Time Immemorial

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For we are nothing but leaves on a tree, each passing and going, leaving behind our wake the things that we have done for the people surrounding us.


Who doesn’t have them? Even those who had amnesia or Alzheimer’s remember at least something. But how important are these memories? Are they even worth remembering?

To answer the third question, yes. Memories are worth remembering. That is their purpose.

So, what gives?

There are several things you need to know about the nature of your memories.

First, they are subjective. No, that does not mean that whatever you thought you remember actually happened. Our brains process the memories more to suit what we wish happened. The memories which we think are rigid and cannot be edited, is actually edited by your brain each time you summon the memory. It is further affected by our current situation and whatever thought or stimulus lead to the triggering of the memory.

Second, these things are cued in and made more unforgettable by the number of sensory stimuli we feel. I’m sure you are already quite aware of this. You probably heard a particular song and remembered someone who loved singing to it. That, is the power of cues which arise from other sensory inputs.

Third, memories which bring more impact tend to be more unforgettable. That car accident you experienced several years ago? I’m pretty sure the memory is still vivid until now. The more gravity an event contains, the more likely you’re going to remember it.

Okay, we got that covered. We already know that memories aren’t the perfect movie scenes we imagine them to be. So, a particularly ominous question arises, are you fooling yourself?

Probably. It depends.

A good memory (be it positive or negative) is something which isn’t easily forgotten. These things last in our minds for probably our entire lifetime. But with our brain constantly changing and editing our memories as we replay them, we tend to ask how we can ensure that whatever we remembered actually happened.

You ought to do the following:

  1. Write. Writing is powerful, especially if used to express something you feel and experience. Called expressive writing, putting down your thoughts and whatever experiences you feel is not only relieving, it also improves your health and psyche. This is especially true for traumatic or emotional situations. Although it may seem counterintuitive to write something which troubles you, studies have shown it has positive effects on your well-being. So, write your thoughts and experiences, as they may lapse into memories and paint a much more vivid and more comfortable viewpoint on the things you’ve seen or done or experienced.
  2. Record. Be it taking photos or videos, recording the things you see and experience provide more comfort since they trigger visual inputs that may have otherwise been corrupted by your editing brain or forgotten in the recesses of your memories. Watching these things seem to teleport you back to the time and place, all unchanged and where the emotions are much stronger. They also provide glimpses into a point in space and time you no longer recall, as shown in Ron Haviv’s The Lost Rolls Project where he uncovered over 200 rolls of film which have never been developed (read more about it here). Compile photo albums and video tapes, and when you’re in the distant future wondering about what you had back then, you can always return to those events by watching them unfold before your very eyes.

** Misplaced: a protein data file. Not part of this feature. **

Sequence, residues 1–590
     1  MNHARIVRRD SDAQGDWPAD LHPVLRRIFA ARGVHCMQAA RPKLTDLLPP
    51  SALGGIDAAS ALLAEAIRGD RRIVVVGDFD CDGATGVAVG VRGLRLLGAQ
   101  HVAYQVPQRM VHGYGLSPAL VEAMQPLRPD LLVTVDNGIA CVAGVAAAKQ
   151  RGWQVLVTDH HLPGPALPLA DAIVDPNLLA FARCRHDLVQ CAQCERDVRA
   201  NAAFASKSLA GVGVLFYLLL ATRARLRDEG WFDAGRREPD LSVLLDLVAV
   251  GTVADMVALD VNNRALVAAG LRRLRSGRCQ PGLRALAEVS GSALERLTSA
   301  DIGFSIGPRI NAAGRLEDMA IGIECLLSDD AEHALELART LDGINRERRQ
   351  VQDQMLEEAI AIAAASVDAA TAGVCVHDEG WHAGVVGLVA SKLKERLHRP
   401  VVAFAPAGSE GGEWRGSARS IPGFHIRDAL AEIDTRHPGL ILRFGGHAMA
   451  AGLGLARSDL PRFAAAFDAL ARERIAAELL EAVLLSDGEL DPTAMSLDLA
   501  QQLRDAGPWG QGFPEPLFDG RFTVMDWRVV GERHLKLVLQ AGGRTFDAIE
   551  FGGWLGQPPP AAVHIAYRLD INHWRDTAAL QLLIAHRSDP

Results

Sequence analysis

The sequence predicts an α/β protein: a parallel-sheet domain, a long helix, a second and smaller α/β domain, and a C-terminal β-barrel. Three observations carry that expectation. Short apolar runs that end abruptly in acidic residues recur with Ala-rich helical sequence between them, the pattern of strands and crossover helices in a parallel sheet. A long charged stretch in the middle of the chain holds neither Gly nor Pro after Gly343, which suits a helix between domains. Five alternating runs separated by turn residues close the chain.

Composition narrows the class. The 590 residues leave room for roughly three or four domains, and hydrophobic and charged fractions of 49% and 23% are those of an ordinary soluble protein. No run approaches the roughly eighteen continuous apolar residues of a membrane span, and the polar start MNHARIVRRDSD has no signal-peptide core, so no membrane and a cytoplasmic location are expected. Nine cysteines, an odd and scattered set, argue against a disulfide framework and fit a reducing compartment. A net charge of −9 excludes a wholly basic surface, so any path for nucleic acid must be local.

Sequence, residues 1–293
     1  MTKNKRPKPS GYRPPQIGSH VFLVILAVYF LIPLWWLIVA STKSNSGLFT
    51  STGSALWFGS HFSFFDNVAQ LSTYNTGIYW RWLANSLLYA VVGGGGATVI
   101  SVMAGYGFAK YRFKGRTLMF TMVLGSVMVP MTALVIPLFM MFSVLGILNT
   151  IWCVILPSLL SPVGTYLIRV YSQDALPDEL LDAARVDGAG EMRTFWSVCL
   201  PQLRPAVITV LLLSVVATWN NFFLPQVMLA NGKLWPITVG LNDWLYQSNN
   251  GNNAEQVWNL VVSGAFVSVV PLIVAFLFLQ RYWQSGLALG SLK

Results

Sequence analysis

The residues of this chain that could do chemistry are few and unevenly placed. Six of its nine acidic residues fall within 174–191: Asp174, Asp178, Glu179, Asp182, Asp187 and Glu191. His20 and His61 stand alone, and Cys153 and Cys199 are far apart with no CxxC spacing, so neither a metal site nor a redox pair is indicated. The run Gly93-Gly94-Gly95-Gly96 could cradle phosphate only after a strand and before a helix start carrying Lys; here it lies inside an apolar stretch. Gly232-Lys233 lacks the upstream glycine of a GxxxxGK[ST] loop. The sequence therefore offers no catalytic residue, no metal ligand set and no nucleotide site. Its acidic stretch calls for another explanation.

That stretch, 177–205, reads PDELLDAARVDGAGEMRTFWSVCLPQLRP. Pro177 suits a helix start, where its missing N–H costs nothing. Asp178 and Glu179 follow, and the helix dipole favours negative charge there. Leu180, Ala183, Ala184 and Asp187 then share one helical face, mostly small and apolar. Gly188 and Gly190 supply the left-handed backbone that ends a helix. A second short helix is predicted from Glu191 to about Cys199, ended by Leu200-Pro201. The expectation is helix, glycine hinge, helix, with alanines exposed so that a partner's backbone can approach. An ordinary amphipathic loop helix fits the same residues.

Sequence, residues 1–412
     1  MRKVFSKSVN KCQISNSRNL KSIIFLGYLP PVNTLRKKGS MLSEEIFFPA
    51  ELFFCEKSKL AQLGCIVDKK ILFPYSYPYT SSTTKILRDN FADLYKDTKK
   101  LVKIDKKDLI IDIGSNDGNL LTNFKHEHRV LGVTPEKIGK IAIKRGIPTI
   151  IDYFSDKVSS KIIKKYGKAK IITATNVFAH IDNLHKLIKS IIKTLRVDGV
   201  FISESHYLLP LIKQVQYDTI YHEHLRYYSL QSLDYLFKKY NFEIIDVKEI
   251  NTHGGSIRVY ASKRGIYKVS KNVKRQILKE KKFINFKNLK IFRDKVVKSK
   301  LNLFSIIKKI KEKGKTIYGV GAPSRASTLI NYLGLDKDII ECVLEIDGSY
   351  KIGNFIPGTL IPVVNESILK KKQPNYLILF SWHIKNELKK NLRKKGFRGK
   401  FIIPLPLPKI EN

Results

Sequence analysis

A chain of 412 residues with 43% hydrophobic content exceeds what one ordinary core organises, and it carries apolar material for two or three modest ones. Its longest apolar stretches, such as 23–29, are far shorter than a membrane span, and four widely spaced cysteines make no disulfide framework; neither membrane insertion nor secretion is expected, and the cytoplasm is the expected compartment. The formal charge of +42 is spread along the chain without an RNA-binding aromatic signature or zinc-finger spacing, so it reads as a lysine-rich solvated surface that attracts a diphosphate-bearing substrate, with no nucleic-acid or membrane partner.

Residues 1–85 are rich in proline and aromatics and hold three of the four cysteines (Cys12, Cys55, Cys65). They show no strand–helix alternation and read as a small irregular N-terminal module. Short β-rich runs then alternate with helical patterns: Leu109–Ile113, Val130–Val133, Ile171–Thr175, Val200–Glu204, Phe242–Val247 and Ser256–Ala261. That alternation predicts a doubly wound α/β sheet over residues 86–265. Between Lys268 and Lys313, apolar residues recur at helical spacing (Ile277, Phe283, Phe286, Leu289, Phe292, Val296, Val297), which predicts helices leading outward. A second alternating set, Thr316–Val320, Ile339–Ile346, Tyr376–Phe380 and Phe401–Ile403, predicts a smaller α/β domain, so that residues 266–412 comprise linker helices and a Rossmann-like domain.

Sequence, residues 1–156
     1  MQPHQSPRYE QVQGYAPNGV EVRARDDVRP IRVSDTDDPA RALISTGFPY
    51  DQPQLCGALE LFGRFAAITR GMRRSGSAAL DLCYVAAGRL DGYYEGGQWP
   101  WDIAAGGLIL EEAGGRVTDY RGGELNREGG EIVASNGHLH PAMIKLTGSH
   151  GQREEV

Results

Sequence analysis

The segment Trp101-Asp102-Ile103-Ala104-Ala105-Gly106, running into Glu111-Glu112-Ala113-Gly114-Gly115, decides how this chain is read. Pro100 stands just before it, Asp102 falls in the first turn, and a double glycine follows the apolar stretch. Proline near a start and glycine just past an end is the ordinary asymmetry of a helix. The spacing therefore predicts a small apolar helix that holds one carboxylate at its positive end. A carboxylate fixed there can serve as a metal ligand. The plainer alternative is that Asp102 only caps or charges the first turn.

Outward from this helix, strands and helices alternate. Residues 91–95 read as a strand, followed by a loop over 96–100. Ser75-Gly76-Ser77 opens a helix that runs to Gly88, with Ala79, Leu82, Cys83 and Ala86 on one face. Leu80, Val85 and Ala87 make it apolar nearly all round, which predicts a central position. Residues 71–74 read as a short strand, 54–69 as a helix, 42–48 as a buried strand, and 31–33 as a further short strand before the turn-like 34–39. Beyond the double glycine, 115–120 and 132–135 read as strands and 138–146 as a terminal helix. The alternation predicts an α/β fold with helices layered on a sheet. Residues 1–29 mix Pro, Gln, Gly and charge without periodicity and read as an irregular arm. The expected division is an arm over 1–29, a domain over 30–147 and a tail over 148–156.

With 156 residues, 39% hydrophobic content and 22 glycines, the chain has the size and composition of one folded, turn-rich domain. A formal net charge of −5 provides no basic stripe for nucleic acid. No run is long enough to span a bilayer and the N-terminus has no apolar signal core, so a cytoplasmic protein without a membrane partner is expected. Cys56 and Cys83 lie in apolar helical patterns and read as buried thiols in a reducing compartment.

3. TalkThere’s no better way in retelling your memories than telling it with those who were involved. You may talk about your wonderful class memories when you reunite with your former classmates. You can record the memories by talking about it in your phone’s audio recorder, or better yet, an old cassette. Then, when you feel like it, you just pop the files into the player, sit back, and listen to the raw memory or to you narrating the events. It’s a comforting and soothing experience.

As you may have noticed, all three ways of storing your memories for a more realistic retelling involves stimulating your senses. Writing affects your eyes and hands, watching involves your eyes and ears, and talking involves your ears. Combining the power of the senses provides a more picturesque and nostalgic feel.

Memories make up who we are as a person. They are unique to us. Even if two people watch the same game, they will have different memories. It’s all in the perspective, and perspective is a powerful ability.

So, what are you waiting for? Memories constantly happen around you, whether you are a passive or an active participant. Record, record, and record, so that when the time comes that you feel lonely and down, you can always listen to your past joys and sorrows and learn from them. And whatever you learned from them, you can use to become a stronger, happier, and more satisfied individual.



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